Wednesday, 22 May 2013


Some of the "wild" apple trees at the country park are covered in eye-catching white blossom at the moment. However it remains to be seen how good the fruit crop will be with this prolonged period of cold northerly winds blowing at the moment. There wasn't much sun to see during Wednesday 22nd, although it was warm in areas sheltered from the wind.

Two little terns fished around the East Mersea Point on Wednesday morning and a pair of common terns sat on top of a marker post in the sea beside the park. Also at the Point was a singing reed bunting and also five linnets. A couple of whitethroats sang along the seawall and two reed warblers could be heard too. A weasel was obliging enough to scamper along the top of the seawall to within a metre, before running off into the grass.

On the grazing fields 10 greylag geese, 2 Canada geese, 10 shelduck, 6 gadwall, 3 little egrets, 8 lapwing, 3 shoveler, pair of oystercatcher, pair of redshank while on the pond were 3 pochard and 10 tufted duck. One sand martin hunted over the fields as did 6 swallows and two swifts flew over west.

Three adders basked out of the cold wind during the day while the only butterflies noted were a holly blue and a green-veined white and also a blue-tailed damselfly.
At West Mersea Adrian Amos has reported speckled wood in his East Road garden in recent days along with small tortoiseshell, holly blue, orange-tip and a comma.

A quick half-hour's visit in the early evening to the Reeveshall seawall provided views of 2 brent geese, 12 greylag geese, whimbrel, 2 common terns, 5 marsh harriers including one over Reeveshall, pair of yellowhammers and a gadwall.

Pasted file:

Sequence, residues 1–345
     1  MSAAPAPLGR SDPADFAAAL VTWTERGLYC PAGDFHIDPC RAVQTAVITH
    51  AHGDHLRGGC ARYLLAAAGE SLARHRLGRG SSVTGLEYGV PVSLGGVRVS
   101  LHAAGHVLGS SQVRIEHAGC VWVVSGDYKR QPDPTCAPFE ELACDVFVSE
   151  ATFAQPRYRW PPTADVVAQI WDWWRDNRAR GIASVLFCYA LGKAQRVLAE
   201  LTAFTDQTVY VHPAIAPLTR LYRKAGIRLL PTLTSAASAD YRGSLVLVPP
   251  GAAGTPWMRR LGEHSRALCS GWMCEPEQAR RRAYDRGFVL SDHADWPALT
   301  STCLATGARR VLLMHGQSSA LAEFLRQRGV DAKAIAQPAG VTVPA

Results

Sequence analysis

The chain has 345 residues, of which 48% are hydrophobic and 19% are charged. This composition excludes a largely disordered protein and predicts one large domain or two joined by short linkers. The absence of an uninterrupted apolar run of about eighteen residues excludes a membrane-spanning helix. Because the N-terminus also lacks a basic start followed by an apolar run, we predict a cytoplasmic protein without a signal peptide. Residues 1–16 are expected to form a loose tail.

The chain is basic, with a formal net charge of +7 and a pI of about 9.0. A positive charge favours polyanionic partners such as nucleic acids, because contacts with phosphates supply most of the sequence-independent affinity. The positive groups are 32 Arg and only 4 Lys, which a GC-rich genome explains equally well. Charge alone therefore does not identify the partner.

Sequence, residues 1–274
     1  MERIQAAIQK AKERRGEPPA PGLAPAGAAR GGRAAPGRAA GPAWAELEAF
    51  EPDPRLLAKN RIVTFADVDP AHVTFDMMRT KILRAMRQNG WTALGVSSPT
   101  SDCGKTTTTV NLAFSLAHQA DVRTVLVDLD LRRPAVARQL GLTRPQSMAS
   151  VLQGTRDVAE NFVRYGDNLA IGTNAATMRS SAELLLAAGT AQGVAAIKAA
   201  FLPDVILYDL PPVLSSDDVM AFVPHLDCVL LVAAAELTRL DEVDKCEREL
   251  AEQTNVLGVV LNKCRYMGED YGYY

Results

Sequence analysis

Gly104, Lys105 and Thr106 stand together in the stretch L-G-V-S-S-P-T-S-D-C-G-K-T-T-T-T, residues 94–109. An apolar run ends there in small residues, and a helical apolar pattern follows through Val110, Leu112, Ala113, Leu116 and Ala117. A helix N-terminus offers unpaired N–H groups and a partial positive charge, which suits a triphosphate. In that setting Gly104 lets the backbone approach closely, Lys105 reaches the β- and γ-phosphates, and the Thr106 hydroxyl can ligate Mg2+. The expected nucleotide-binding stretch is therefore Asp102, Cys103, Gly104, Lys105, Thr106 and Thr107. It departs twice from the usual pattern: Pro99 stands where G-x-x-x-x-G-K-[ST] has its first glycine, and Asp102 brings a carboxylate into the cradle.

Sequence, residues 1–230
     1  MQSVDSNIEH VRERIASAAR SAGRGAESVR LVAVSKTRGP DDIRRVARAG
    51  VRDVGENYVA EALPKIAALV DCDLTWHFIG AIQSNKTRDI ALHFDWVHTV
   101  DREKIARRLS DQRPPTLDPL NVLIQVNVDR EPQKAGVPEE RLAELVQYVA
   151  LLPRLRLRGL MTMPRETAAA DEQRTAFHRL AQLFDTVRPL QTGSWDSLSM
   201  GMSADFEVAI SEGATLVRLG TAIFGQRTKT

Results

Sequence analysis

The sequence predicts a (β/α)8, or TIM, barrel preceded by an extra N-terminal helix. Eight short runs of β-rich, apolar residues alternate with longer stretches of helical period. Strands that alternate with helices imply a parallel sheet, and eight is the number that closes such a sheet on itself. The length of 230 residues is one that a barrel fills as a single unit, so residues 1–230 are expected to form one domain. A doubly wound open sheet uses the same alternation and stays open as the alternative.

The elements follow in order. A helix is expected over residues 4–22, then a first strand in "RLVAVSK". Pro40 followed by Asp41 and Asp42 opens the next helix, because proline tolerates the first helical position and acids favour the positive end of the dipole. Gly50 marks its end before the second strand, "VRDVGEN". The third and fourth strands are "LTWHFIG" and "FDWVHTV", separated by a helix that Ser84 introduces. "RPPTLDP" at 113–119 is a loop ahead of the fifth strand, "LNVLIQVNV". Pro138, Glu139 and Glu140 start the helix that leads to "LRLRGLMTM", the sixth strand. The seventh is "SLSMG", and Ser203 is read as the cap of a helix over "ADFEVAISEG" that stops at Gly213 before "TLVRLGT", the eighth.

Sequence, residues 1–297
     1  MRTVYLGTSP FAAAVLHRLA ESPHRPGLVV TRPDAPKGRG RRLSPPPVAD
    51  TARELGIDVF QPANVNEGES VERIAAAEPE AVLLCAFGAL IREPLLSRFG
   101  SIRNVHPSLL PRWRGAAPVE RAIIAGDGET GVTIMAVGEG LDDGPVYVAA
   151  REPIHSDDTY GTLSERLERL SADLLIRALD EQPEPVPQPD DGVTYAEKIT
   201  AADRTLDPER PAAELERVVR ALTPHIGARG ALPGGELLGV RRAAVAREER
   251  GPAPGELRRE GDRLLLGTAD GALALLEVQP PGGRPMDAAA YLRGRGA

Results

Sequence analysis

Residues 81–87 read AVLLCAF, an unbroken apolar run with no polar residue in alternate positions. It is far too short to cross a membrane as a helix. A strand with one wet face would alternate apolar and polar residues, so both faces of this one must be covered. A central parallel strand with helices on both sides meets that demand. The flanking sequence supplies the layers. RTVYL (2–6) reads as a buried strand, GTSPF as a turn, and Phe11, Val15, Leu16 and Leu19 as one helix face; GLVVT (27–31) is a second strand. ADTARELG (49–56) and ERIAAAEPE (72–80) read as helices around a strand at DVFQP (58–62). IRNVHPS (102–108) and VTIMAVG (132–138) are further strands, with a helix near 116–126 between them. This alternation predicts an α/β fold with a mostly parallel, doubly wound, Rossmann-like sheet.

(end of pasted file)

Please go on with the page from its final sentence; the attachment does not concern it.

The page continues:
Earlier Andy Field had noted along the Strood seawall, a cuckoo, 3 reed warblers, 2 common tern, 2 little tern and a corn bunting. Adrian Amos also reported a corn bunting close to the West Mersea Glebe field. On the subject of corn buntings, 2 singing birds were reported by Martin Cock on Sunday between Waldegraves and Rewsalls as well as one singing bird at Maydays along with the regular two at Chapmans Lane / Bocking Hall making an Island total so far of 7 pairs.

Andy Field heard the two East Mersea nightingales singing at 4.30am on Tuesday morning, one still present at Coopers Beach and the other one in Manwood Grove near Shop Lane. A turtle dove was also seen at Coopers Beach. In West Mersea Clive Walls reported the pair of turtle doves still visiting their garden near Willoughby car park in recent days.

The cuckoo was very vocal at the country park during Monday 20th being heard at various times and in various corners of the park including a noisy burst in the car park. The previous day a marsh harrier was seen flying away from the borrowdyke carrying what may've been a water vole as a tail could be seen dangling down from the talons.

At West Mersea early on Monday morning a black tern was seen near the outflow off Seaview Avenue at 7.30am by Graham Willmot. There was no sign of it later although 2 great northern divers were offshore and then later a gannet flying into the Blackwater was seen by Martin.
Steve Entwistle reported a cuckoo at Maydays on Sunday 19th.

A willow warbler was singing from the copse at the back of the park pond on Saturday 18th with no further sign of it the next day.

The moth trap was only put out this week just the once, on Monday night with a low catch of just ten moths. This colourful brimstone moth brightened up the small collection. A few springs ago up to a dozen brimstones would've been in the trap here in one night.

The first Chinese character moth, pictured above, of the spring was found, looking just like a bit of bird's dropping.

This yellow-barred brindle avoided the trap but was found resting nearby on the outside of the window in the morning. The only other moths were hebrew character and a chocolate-tip.

This distinctive drinker moth caterpillar was resting amongst the grass, its food-plant. It still has some feeding up to do and then after pupating, should be on the wing during July.

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